At TokBox, we aim to push boundaries and deliver the best possible WebRTC-enabled experience for application developers building face-to-face video applications. One of our guiding architectural philosophies has been to provide the right primitives for developers to build rich and powerful applications. In addition, we want to make sure we abstract the underlying nuts and bolts and enable the cloud service to dynamically react to changing environmental conditions (bandwidth, packet-loss, etc.) in order to deliver the best possible experience.
The multiparty stream routing component of the OpenTok platform is also capable of shaping traffic in real time. Let’s take a look at how this this capability delivers a significantly improved quality of experience for users.
A few weeks ago on September 6, 2013, a thousand students congregated at UPenn from all over the world, laptops out and ready to code. It was one of the largest student run hackathon in history. Out of the thousand, 4 sophomore students from Carnegie Mellon University (CMU) rose up to the top to win the “Best Hack That Makes Life So Easy” prize by Venmo, “Best Cloud-Connected Hack” prize by Microsoft, and our prize, “Best Use of TokBox API”.
Today, we’re really pleased to be introducing application-level signaling for our WebRTC implementation of OpenTok across both Web and iOS platforms.
Over the last two years, OpenTok has continued to break ground as a live video platform.
As we’ve watched use cases evolve from basic social chat all the way up to supporting complex customer support calls, we’ve also discovered that partners need more than just live video communications – they need a way to orchestrate and communicate between the application endpoints. So today, we are exposing our signaling layer to OpenTok 2.0 developers so that you can piggyback on the distributed, scaled infrastructure that’s been proven to work over the last two years.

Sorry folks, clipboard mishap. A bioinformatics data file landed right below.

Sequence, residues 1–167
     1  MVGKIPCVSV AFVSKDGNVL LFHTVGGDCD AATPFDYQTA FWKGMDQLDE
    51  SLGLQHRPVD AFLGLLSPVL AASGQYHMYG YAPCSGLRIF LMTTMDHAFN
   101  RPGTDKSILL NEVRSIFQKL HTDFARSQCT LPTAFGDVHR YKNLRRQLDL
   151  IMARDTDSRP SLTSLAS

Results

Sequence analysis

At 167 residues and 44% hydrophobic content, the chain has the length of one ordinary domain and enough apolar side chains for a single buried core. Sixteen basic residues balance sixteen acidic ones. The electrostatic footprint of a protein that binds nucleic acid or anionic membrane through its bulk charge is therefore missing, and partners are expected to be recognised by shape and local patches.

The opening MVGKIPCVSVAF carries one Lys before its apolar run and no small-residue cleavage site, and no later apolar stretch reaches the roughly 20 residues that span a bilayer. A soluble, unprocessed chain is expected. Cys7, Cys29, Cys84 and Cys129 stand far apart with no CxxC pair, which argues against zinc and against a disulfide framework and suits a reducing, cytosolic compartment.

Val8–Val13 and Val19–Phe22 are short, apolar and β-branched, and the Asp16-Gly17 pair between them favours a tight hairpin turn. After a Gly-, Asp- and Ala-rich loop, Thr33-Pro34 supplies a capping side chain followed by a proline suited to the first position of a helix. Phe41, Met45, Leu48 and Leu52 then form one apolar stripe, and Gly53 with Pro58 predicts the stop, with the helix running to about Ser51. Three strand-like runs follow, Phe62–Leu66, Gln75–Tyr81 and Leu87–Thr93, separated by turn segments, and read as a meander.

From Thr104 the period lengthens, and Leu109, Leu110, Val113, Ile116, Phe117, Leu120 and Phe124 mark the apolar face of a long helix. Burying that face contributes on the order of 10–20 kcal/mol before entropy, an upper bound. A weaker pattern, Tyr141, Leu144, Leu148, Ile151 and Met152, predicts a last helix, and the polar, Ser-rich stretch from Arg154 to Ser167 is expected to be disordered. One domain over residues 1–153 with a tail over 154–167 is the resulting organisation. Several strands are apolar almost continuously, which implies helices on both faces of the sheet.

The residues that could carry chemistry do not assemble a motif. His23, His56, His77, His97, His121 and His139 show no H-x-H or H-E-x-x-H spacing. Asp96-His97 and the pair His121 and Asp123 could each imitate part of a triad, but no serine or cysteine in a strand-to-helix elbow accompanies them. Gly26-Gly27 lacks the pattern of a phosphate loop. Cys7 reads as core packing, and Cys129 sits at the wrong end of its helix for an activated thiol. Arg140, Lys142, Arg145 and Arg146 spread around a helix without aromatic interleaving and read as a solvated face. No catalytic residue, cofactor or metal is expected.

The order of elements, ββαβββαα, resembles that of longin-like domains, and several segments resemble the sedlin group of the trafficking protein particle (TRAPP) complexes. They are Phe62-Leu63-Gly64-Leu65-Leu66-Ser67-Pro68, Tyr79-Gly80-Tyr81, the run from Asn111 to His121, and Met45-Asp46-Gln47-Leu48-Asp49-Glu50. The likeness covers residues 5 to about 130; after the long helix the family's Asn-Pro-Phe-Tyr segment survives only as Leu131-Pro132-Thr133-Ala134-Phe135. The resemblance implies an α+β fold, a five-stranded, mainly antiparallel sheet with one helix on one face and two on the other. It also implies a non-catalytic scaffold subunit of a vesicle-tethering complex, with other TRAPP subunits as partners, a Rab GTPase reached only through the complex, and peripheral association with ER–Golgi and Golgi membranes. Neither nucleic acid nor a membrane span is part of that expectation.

WebRTC is clearly a hot topic. But in an effort to discover just how hot we conducted what we think is one of the largest global surveys of its kind. Today, we are pleased to share the results with all of you in the TokBox and greater WebRTC community.
The study, which analyzed responses from 1,161 people across 11 countries, found rapidly emerging interest amongst larger organisations (1,000+ employees), and also found rapid WebRTC adoption amongst smaller companies (fewer than 500 employees) where more than one in four (27.1%) developers say WebRTC is already critical to their work.
Some of the other key findings:
The capabilities of WebRTC in the Google Chrome browser continue to grow, and some pretty major bugs are squashed. The biggest news for us at TokBox is that Chrome for Android now supports WebRTC out of the box without needing to enable a flag. This expands the footprint of endpoints with WebRTC capability to include Android devices which is a great step forward.
Now, on to the details